Customer Satisfaction is a foundational measurement to track customer happiness. What’s the best way to guarantee retention? Avoid giving your customers a reason to walk away. And definitely avoid them leaving angrily. In today’s consumer climate, there are an overwhelming number of brands to choose from. Customers who are dissatisfied, for any reason, won’t hesitate to abandon your brand if they discover better service elsewhere.
The worst part? They’ll be quick to share their complaints to anyone who looks you up on the internet. In fact, Zendesk reports that 95% of customers tell others about a bad experience.
I don’t mean to freak you out. But building brand loyalty with your customers is worth every penny. Keeping track of customer satisfaction is the best way to gauge how many of your customers are ripe for loyalty. Measure CSAT through surveys sent after an email interaction, or as a quarterly email blast. These survey responses then give you a sense of how happy your customers are.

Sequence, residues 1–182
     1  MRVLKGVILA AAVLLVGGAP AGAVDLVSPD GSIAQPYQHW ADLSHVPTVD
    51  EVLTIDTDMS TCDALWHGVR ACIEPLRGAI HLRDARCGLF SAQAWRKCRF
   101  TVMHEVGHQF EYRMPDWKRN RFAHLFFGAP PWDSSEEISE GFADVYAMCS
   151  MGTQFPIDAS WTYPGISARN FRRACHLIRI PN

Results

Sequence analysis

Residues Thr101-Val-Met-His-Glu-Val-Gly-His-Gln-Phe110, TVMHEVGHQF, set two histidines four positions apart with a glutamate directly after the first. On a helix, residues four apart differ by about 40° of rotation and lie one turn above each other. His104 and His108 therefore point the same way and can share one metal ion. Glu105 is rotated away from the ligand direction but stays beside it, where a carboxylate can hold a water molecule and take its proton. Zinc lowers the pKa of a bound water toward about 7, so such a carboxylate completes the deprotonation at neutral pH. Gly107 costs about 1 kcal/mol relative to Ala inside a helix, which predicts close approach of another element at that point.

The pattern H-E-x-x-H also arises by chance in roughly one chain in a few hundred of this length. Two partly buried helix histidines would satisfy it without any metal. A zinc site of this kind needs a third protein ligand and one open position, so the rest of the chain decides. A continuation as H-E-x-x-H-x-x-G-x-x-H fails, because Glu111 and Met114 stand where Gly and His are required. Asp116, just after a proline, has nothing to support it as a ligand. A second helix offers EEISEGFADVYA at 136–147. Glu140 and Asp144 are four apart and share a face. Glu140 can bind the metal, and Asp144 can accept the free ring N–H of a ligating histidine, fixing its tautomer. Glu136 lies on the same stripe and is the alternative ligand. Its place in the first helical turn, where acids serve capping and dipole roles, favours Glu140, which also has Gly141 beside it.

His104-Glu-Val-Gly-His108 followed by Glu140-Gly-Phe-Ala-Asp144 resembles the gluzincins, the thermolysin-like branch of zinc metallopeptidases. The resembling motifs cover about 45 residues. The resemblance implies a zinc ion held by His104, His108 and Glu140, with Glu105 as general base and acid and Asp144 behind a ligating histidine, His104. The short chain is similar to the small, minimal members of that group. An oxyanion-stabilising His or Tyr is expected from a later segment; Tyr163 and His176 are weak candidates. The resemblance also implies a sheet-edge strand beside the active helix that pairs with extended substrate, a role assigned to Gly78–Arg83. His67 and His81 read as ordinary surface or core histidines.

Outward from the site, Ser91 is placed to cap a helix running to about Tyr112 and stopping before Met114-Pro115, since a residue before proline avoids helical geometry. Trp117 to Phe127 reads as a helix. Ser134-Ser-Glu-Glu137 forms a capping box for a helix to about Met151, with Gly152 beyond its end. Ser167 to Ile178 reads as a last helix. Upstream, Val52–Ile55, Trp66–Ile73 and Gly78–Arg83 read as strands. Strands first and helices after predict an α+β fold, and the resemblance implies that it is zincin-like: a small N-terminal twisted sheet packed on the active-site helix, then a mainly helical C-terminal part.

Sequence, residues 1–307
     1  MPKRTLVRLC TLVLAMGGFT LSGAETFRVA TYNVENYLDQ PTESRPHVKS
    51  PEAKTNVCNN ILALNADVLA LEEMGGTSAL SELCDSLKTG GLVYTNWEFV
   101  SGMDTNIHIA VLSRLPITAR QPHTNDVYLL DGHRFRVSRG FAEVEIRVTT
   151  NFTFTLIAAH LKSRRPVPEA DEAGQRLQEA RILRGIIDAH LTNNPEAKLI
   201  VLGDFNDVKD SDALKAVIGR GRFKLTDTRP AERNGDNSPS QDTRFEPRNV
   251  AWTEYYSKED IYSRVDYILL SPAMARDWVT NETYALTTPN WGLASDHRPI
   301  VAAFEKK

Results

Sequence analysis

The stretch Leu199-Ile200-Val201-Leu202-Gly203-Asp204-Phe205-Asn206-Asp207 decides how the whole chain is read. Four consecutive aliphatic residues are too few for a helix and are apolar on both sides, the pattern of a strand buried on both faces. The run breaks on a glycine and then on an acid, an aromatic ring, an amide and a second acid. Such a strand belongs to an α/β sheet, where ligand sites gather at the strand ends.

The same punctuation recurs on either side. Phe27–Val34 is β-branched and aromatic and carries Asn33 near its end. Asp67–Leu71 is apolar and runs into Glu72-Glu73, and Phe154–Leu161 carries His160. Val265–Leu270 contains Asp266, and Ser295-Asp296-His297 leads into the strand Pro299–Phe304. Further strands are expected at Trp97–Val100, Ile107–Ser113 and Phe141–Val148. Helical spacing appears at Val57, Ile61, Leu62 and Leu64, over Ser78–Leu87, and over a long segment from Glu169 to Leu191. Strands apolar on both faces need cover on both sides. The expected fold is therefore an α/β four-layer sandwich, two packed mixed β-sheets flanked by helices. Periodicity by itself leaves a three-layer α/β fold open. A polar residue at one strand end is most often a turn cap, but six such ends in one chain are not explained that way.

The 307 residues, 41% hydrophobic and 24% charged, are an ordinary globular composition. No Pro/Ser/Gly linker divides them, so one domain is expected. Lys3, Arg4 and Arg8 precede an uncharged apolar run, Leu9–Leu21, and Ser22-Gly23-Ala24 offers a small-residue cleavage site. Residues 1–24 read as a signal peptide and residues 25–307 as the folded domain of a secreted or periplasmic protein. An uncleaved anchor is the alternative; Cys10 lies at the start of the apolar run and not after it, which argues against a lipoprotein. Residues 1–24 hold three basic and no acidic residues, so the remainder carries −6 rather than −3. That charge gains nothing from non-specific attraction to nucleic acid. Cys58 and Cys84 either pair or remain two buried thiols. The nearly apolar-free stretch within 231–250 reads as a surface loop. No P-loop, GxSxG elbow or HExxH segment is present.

How to Measure it: Number of satisfied customers (4 and 5) / Number of survey responses) x 100 = % of satisfied customers
Boost the Metric:
Customer satisfaction captures how all the components of your service and product work together. Measure it company-wide across a variety of customer touchpoints. Use the following metrics to understand the pain points in your service delivery. Often times, customer satisfaction can be helped along with stronger training for agents. Or, with better product feedback loops and user-friendly service that’s convenient for your customers.